South Africa’s long goodbye to Nelson Mandela was seen as an opportunity for the ruling African National Congress to cement ties with the revered icon. Instead it has underscored the distance between him and its current leaders.
In a sign of growing disenchantment with their leadership, large numbers of South African mourners heckled President Jacob Zuma during Mandela’s memorial in Soweto on Tuesday.
The highly embarrassing act, by a crowd mostly sporting ANC green and yellow colours, made clear the disappointment of the party activists who drew unflattering comparisons between the ANC of Mandela’s era and that of Zuma’s.
Party supporters “are making a distinction between the persona of Nelson Mandela, the legacy of Nelson Mandela and the ANC under Nelson Mandela… and the current era of President Zuma,” said Cape Town-based analyst Daniel Silke.
Mandela’s death “has highlighted the ANC as it was when compared to the very fractious and divided ANC that is fraught with infighting and constant allegations of corruption, of which President Zuma is often part of,” said Silke.
The ANC, in power since 1994 when Mandela became South Africa’s first black president, has struggled in recent years to convince people that it is still the party of liberation.
Voters face a dilemma about whether to back a party that clearly identifies with the history of the country, but which is now tainted by a leadership of questionable integrity.
Observers have long predicted that the ANC is looking at attracting fewer votes in 2014, around 60 percent or less.
But if it drops below 60 percent, commentators warn that voters will start to drift away and the 2019 election will prove more competitive than ever.
Alongside government and the Mandela family, the ANC is officially involved in organising the funeral and is separately running party commemorative events.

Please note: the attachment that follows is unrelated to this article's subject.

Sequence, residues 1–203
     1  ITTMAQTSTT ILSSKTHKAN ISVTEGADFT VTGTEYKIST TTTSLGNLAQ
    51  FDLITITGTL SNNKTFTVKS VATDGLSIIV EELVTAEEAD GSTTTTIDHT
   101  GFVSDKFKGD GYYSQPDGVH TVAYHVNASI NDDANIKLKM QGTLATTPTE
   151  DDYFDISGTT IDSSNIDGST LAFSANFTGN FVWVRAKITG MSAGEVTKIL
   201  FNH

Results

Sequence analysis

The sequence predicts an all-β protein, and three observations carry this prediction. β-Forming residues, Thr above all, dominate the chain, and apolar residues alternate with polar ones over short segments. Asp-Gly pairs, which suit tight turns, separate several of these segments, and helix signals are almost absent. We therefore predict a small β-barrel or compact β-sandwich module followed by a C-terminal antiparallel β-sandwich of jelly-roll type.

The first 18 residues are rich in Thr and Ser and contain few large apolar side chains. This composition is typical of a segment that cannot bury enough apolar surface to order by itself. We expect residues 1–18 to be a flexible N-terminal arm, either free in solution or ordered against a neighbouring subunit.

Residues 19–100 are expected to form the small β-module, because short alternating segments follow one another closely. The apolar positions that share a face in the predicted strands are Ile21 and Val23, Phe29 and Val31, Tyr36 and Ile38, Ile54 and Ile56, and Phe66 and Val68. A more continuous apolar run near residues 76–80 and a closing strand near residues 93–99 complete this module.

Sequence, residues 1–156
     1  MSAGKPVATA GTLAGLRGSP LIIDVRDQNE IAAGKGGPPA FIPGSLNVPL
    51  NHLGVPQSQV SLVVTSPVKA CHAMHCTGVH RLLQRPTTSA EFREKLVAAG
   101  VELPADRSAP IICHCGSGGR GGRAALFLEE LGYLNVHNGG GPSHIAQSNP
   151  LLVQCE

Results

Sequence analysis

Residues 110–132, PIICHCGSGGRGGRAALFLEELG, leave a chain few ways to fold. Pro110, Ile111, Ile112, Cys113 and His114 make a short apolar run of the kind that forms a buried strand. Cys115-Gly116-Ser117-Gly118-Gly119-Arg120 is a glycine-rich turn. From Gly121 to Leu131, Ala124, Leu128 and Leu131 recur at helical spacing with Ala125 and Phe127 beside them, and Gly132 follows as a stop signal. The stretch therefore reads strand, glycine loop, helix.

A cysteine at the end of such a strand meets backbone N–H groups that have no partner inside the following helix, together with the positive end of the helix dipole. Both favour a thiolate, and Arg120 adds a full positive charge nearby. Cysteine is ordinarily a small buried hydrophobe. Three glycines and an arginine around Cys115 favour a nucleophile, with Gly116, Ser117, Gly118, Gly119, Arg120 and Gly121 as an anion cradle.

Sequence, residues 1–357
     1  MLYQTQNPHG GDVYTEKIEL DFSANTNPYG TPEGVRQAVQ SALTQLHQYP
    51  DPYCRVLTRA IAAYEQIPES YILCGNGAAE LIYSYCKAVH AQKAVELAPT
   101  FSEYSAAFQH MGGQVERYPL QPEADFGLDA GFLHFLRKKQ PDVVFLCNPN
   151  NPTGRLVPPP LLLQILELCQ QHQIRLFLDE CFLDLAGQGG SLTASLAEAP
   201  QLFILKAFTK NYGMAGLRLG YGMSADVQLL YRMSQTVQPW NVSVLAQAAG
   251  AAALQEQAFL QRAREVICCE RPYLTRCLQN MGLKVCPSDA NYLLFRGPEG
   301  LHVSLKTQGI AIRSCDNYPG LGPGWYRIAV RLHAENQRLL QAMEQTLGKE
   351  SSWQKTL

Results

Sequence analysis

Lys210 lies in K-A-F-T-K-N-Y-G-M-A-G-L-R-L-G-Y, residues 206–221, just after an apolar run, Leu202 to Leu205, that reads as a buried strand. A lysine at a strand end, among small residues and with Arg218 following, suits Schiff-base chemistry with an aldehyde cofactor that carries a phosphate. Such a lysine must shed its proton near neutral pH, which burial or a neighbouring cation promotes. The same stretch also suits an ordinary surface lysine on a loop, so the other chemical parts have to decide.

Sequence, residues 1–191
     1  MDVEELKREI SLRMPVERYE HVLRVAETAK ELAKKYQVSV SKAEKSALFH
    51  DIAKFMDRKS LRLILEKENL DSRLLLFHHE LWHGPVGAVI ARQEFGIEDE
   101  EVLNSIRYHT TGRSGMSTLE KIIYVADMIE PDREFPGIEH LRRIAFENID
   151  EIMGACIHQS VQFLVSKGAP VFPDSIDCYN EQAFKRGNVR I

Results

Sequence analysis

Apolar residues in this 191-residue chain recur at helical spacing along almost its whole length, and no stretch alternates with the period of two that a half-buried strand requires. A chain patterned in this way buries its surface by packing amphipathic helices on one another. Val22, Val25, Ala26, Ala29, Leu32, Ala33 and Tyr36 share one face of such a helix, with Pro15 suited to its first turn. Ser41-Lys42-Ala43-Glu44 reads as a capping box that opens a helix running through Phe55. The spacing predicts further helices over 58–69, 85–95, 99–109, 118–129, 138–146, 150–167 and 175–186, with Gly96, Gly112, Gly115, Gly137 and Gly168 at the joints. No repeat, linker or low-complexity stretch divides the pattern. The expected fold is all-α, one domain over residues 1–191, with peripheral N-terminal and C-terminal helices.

Some events have taken on an electioneering tone.
The public broadcaster on Sunday abruptly switched from a live media conference by the government on Mandela’s funeral plans, to broadcast a speech by the ANC deputy president Cyril Ramaphosa.
Praying for the ANC
Besides praying for Mandela’s soul “we’re also praying for his organisation, the ANC,” said Ramaphosa at an inter-faith memorial prayer event.
At another weekend gathering in the opposition fiefdom of Cape Town, some ANC supporters wore yellow T-shirts calling on voters to “Do it for Mandela Vote ANC”.
A women’s league official urged mourners to emulate Mandela’s “tireless” work if the ANC is to win back the Western Cape, the only province not under the party’s control.
Exploiting the Mandela brand for political mileage was to be expected.
Adam Habib, vice chancellor of the University of Witwatersrand, said it was not surprising for the ANC to try “to mobilise sentiment and let the ‘Madiba magic’ assist them in their electoral competition.”
“Which politician is not going to use an opportunity to campaign effectively?” said Habib who was interviewed before the leadership was booed.
The ‘Madiba Magic,’ named after his clan name, was Nelson Mandela’s quirky mix of grandeur and simplicity, his ready quips, his ability to relate to the poor, his colourful custom-made shirts and his dancing prowess.
In any case there will be renewed sympathy for the ANC following Mandela’s death, but the booing of Zuma could make election campaigning more difficult for the party.
But voting patterns may not be “materially” altered, said Silke.
“Mandela’s death has revitalised the ANC in the memory of South Africans, and this perhaps will help to keep the ANC vote relatively secure,” said Silke.
The death of one of the party’s pioneers make “some people who had wanted to give up on the ANC to think” they will vote for the party “maybe because of Mandela,” said author William Gumede.
Brand expert Jeremy Sampson said the ANC can claim to own Mandela but this time it may find it tough to use Mandela for electioneering because “he is much bigger than the ANC”.
“Yes he was a very proud member of that party for many many years, but that party today is not the party that he was an active member of, it’s changed quite dramatically,” said Sampson.